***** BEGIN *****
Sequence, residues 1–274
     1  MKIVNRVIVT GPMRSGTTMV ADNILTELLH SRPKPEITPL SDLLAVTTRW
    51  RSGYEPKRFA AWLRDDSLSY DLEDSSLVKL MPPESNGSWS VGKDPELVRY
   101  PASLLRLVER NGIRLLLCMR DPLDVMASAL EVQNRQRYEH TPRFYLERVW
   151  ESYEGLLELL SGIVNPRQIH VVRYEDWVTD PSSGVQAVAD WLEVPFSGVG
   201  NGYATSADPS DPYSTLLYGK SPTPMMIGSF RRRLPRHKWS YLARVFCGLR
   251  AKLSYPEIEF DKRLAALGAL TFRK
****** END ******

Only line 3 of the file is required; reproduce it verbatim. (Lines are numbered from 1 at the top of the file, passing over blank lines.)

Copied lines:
    51  RSGYEPKRFA AWLRDDSLSY DLEDSSLVKL MPPESNGSWS VGKDPELVRY